PetSmart (PETM) was a standout gainer in Wednesday's trading after its above-consensus performance in the first quarter. The pet products retailer posted earnings of $94.7 million, or 85 cents a share, up from a profit of $70.9 million, or 61 cents a share, in the same period a year earlier, and well ahead of the average analysts' estimate of 73 cents a share.
SAP (SAP), the German IT services giant, said Tuesday it reached an agreement to buy Ariba (ARBA) for $4.3 billion. SAP's offer of $45 a share offer represents a 20% premium to Ariba's closing price on Monday. The deal is expected to close in the third quarter.
Would you feel better if he did it under a "Mission Accomplished" banner?
Not quite sure how to parallel upping the terror warning level right after the Dem convention in 2004, which Tom Ridge said there was no reason for. Talk about politicizing a national tragedy and out security...
The Market should never have been allowed to be such a large part of the U.S. economy as it is run today. Your Barber and Bartender, grocer and your kids teacher should be invested in more secure retirements and college funds for their kids. The market is ravenous when left unchecked, the people in 29 learned that and built their lives around safer investments and retirement instruments. The local commercial banks were separated from Wall Street by regulation after 29 and they had rules of selling short and selling on the margin, did not use the dangerous derivatives in nothing but the old futures market “farmer’ agribusiness.
Now the generation after has been suckered again, the market convinced them to put their retirements in the market and convinced them that everybody can play a game with a deck staked against them. Oh! Go ahead and buy stock, even if it goes down in value you will get it back over time. Well it’s been a while now and the trillions people had in the retirement funds are not coming back. The market has become the dangerous powder keg is was in the years preceding 1929, everybody from car salesmen to fry cooks trying to get rich quick or invest their way into the American Dream. This generation is about to learn some history, about to learn what the depression era generation learned the hard way.
yesterday all was great now???? WOW, someone has been into the meds again, how can it change minute by minute ??????? GET THE FACTS BEFORE YOU REACT!! FIRST tell us the truth !!! We have not recovered from the S&L Scandal ,housing bubble, all the bailouts an TAX BREAKS given by both parties !!!!!!!! WHEN WILL THE AMERICAN PUBLIC AWAKEN AN SEE WE NEED TO HIRE NEW EMPLOYEES TO WORK FOR US - ???? VOTE THEM OUT AN HIRE NEW , WITH LIMITS TO HOW LONG THEY ARE IN OFFICE. Give retirement not entitlement to everything they get now.
Let them get by doing things we have to do- like cut spending ,an trying to eat an still have enough to pay the monthly bills.
Cut the goverment dole or welfare to EX-LEADERS an let them eat cake!! give them a percentage not full salary.
Let's see the lawyers make money when facebook goes on IPO and then the lawers make money when facebook is sued. Pretty soon we will need more laws and then more lawyers to support the laws. Then more regulators to enforce the laws. Then more taxes to pay the regulators. Then more unemployment benefits to pay to people since companies are overtaxed and over regulated.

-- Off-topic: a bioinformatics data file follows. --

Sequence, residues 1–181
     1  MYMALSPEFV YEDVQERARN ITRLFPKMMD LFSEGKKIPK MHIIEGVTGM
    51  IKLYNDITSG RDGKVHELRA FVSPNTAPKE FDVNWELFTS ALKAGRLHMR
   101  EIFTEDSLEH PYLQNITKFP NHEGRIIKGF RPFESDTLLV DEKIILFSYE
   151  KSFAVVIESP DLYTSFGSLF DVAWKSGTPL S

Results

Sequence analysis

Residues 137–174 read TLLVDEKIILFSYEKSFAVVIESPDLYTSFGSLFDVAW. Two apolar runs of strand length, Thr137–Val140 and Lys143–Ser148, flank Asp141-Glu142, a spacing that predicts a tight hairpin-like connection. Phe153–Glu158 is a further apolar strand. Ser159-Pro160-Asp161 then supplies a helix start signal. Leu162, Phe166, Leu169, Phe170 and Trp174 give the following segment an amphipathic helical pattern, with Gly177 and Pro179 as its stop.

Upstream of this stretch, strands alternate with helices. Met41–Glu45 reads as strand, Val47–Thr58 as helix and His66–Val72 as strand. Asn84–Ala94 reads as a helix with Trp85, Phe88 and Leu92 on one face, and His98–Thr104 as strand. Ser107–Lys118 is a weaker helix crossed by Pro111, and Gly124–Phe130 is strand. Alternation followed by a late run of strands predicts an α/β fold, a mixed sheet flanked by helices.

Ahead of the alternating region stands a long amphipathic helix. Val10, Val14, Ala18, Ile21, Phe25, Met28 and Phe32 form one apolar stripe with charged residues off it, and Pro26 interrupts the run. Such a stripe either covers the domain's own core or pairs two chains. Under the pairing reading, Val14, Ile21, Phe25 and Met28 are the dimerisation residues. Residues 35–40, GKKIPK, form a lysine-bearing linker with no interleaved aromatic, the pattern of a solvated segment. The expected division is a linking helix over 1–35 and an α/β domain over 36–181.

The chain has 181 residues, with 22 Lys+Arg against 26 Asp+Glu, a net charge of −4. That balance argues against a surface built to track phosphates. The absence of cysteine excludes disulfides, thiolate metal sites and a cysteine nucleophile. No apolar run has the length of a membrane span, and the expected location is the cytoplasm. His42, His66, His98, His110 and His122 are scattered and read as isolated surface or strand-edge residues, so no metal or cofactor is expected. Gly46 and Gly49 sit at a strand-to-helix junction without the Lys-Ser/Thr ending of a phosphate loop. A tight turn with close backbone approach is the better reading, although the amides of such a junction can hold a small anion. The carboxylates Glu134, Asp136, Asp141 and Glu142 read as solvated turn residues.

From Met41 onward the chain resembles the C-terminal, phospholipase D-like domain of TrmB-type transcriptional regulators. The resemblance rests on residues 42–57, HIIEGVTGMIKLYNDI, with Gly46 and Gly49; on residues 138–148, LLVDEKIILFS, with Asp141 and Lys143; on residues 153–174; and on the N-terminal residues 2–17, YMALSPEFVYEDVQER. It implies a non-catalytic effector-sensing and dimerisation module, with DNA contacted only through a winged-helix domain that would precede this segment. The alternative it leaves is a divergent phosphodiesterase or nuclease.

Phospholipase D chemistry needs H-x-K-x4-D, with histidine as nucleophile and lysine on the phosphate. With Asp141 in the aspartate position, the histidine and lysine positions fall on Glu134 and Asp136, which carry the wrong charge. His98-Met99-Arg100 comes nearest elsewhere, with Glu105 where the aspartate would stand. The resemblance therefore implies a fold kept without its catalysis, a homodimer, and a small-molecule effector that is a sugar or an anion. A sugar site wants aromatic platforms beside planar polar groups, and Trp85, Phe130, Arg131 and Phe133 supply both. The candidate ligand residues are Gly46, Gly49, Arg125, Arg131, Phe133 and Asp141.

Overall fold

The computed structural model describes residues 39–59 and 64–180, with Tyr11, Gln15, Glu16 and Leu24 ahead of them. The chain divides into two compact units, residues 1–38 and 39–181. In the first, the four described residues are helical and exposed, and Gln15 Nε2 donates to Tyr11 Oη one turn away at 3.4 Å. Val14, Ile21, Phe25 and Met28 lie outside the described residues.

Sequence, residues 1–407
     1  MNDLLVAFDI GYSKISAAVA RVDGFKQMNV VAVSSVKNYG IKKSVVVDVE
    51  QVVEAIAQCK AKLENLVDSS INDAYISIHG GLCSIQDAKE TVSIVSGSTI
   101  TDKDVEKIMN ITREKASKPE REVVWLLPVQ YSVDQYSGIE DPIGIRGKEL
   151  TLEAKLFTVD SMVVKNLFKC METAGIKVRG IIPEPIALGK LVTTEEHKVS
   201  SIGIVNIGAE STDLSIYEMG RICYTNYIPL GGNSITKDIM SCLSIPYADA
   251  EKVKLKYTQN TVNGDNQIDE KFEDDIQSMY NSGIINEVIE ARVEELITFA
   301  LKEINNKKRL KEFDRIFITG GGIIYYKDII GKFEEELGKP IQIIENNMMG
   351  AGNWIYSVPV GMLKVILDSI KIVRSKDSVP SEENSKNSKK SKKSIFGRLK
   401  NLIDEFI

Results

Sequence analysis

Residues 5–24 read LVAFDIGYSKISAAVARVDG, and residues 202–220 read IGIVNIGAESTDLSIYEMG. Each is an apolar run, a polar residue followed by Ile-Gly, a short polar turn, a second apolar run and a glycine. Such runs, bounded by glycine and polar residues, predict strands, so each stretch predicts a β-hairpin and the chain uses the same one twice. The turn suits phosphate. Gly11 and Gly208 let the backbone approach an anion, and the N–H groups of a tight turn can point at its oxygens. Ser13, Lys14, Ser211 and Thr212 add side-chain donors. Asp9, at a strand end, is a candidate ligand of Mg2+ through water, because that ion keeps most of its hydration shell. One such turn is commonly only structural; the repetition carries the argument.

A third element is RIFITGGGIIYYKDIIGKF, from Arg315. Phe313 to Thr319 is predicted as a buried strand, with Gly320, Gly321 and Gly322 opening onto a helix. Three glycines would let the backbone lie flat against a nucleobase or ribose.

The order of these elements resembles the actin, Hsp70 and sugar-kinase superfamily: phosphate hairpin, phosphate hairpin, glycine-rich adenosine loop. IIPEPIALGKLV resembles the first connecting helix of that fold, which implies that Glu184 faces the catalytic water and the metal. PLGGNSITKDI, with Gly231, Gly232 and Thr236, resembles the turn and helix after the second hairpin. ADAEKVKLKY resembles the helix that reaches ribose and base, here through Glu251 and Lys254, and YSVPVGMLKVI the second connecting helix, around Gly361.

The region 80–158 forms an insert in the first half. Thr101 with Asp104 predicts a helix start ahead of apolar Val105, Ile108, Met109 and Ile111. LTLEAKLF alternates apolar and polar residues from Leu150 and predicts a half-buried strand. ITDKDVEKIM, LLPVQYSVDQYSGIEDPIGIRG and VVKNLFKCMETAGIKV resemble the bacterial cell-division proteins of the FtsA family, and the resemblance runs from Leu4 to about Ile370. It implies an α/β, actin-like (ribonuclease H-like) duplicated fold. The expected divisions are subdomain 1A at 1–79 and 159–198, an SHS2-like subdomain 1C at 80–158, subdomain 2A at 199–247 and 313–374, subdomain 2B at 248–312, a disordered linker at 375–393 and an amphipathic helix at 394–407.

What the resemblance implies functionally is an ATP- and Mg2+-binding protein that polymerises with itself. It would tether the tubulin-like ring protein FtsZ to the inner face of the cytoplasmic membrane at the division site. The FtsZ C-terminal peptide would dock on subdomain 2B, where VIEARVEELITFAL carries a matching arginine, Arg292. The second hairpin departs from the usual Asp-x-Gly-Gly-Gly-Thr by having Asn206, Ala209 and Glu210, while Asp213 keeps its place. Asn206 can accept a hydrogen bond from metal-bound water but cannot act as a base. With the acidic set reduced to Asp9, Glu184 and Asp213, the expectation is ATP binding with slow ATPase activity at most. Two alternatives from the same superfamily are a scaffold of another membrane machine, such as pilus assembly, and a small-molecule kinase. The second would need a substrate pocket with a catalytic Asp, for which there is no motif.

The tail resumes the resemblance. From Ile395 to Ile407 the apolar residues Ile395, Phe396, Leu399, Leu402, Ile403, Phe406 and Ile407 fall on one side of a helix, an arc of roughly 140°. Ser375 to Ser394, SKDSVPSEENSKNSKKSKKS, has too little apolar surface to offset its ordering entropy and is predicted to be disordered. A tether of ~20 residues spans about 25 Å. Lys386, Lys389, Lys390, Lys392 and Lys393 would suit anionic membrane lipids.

This has a name--Californication.
No worries folks ...everything is getting better! obama, the great and powerful, said so!!!
...oh, and did you hear that HE killed osama?
dow's down 1000 in just a few weeks!
Morgan Stanley did a finacial review of Face Book prior to the release of the IPO. MS found that FB had some serious financial issues and notified its largest buyers of this instead of releasing the information to the public. The big investors made a killing, the small investor got raped and Morgan Stanley walked away with billions in commissions. When the Obama appointed SEC officals get through with their investigation MS will get a slap on the hand just like BoA, Goldman Suchs, JPM and others.
Tumbleweeds-The Pork barrel spending in the military is usually on large contracts for equipment and those contracts should be bid on a competitive basis. That would end a lot of the military waste in spending. Maintaining our military bases is totally different whether its Texas, Georgia, Oklahoma, Missouri or Washington. True the economies in those cities around the bases benefit, just like the businesses that benefit from the spending around DC. Gutting our military like Carter and Clinton did is not the answer and it weakens our national security. Reducing the EPA, Dept of Education, Dept of Energy, IRS and other bloated agencies would cut a lot more waste than gutting the military and weakening our nation.
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[BRIEFING.COM] The major averages ended the midweek session on a flat note after spending the day inside narrow ranges. The S&P 500 hovered near the 2,000 mark for the majority of the trading day, but slumped to new lows during the last hour of action. The index then returned to its flat line, where it settled for the day. For the third day in a row, participation left a lot to be desired with just 487 million shares changing hands at the NYSE.
Equity indices opened with slim gains, ... More